Editor in Chief: Moh. Reza Huwaida Thursday, February 25th, 2021

Hasty and Unconditional Troop Pullout Likely to Result in Security Vacuum

Washington is going to review the US-Taliban Doha agreement. To view the agreement, the Taliban group has not honored the peace deal as it has not cut ties with al-Qaeda, not reduced violence or held “meaningful talks”. The Taliban do not have genuine intention in the talks, playing a foul game. The group’s supporters also seek their political interests in the dialogue and seem less likely to put pressure on it to declare ceasefire.
NATO believes that a hasty withdrawal, supported by Donald Trump, is likely to create a security vacuum and the troop pullout has to be condition-based. It will maintain its presence in Afghanistan to alleviate the looming threat.
The threat will continue if regional and global stakeholders do not play their role genuinely in the peace process. Pakistan, which has strong leverage on the Taliban leadership, claims that it played a constructive role in the process. Kabul and Islamabad had high-level exchanges in recent months, in which Pakistani officials, including Prime Minister Imran Khan, vowed to back the intra-Afghan dialogue. As a result, a sense of optimism and trust emerged between the two sides and the blame game came to an end. 
To Kabul’s unmitigated chagrin, a ten-minute video clip shared on social media, on 22 December, showed Taliban’s head of Qatar-based political office Mullah Baradar speaking to a crowd in Karachi, Pakistan, including wounded fighters being treated there. In a rare admittance, Baradar confirmed that “all our leadership and elders are also based and operate from here, which is [evidence of] the support and value that Pakistan affords us.” He also praised the “sacrifices of you mujahedin” that had made it possible for “the world’s most arrogant power to sit [at the table] with us.” Pakistan did not deny the presence of Taliban leaders and rank and file on its soil as well as the treatment of their wounded fighters.
Meanwhile, Pakistan invited jihadi leaders, including leader of Hizb-e-Islami Gulbuddin Hekmatyar and leader of Hizbe-Wahdat Islami Karim Khalili, to discuss peace issues. Afghan lawmakers reacted against the invitation of jihadi leaders and said that Pakistan had possibly discussed interim government with them. That is to say, lawmakers said that the interim government plan was supported by Islamabad and US special envoy Zalmay Khalilzad.
In his recent remarks, President Ghani said that the Taliban should not have a safe haven in Pakistan either. He said, “One of the basic needs for peace in Afghanistan is that the Taliban should cut their ties with Pakistan. If they call themselves Afghans and want to be in Afghanistan; they should not have dual citizenships.” He added, “I urged PM of Pakistan to tell Taliban that there is no solution without a political settlement.”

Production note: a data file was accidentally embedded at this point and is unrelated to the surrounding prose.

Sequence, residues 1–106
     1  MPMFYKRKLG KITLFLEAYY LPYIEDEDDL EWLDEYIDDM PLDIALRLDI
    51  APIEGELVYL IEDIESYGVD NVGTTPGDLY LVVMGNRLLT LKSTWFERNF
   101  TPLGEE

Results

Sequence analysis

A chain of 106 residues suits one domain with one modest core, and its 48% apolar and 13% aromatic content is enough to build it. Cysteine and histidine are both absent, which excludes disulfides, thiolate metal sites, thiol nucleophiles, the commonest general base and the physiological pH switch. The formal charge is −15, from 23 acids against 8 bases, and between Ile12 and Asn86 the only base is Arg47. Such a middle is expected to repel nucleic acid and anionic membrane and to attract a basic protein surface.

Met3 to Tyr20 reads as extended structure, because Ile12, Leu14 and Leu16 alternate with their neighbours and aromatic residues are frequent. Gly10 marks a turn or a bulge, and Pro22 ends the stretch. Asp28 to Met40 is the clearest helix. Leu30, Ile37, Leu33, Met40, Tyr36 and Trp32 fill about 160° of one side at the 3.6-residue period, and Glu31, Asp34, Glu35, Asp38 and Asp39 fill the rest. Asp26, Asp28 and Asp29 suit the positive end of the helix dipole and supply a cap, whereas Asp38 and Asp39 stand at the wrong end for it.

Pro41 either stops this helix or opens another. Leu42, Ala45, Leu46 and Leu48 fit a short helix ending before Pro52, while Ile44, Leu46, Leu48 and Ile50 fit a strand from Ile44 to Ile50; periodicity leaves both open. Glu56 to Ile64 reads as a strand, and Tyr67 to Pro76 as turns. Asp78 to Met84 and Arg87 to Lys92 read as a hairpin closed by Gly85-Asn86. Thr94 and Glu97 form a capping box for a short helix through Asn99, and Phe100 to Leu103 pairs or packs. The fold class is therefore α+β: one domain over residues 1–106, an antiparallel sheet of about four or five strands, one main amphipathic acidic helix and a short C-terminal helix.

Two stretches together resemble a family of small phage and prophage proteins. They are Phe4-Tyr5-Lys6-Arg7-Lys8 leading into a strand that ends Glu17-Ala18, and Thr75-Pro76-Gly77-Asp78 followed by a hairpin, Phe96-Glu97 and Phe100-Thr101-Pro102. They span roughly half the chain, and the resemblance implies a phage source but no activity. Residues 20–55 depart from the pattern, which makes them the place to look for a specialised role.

Ghani has also criticized the interim government plan, emphasizing a democratic process for the power transfer. He said that he would transfer power to the Taliban if they were elected by the people in the elections.
It is believed that harboring Taliban members and hosting jihadi leaders will lead to trust deficit between Kabul and Islamabad and bilateral relations will sour.
Despite pledges made, Islamabad has not so far pressured the Taliban to reduce violence or declare ceasefire.
Ghani’s statements indicate that it will be in the interests of Pakistan to either put pressure on the Taliban leadership to declare a nationwide ceasefire so as to reach a peace agreement with the Afghan side or shut their leadership councils on its soil. It has to expel all Taliban members from its soil. Ghani also means that Islamabad has to discuss peace talks with high-level government officials instead of jihadi leaders and contribute to peace process through diplomatic channels. It is self-evident that the Taliban are fighting against the Afghan government and kill Afghan soldiers and civilians. With this in mind, no country has to harbor their members or create room for their leadership councils on their soil.
The conflict in Afghanistan has been the longest war in US history and the US-led NATO member countries invested “blood” and “treasure” in the country for about two decades. If the Biden administration follows Trump’s footsteps through supporting the hasty withdrawal plan, a security vacuum will emerge in Afghanistan, which will undo all investments in human rights, women’s rights and liberties, and democratic principles. With this in mind, Washington has to value the two decades of blood and treasure invested in the country and pursue sustainable peace in Afghanistan. It could be obtained through pressuring the Taliban leadership to honor US-Taliban Doha peace agreement, negotiate with the Afghan government with genuine intention, and putting pressure on their supporters to stop backing the Taliban and use their leverage on persuading them to accept the demand of Afghan people, mainly reduction in violence and declaration of ceasefire.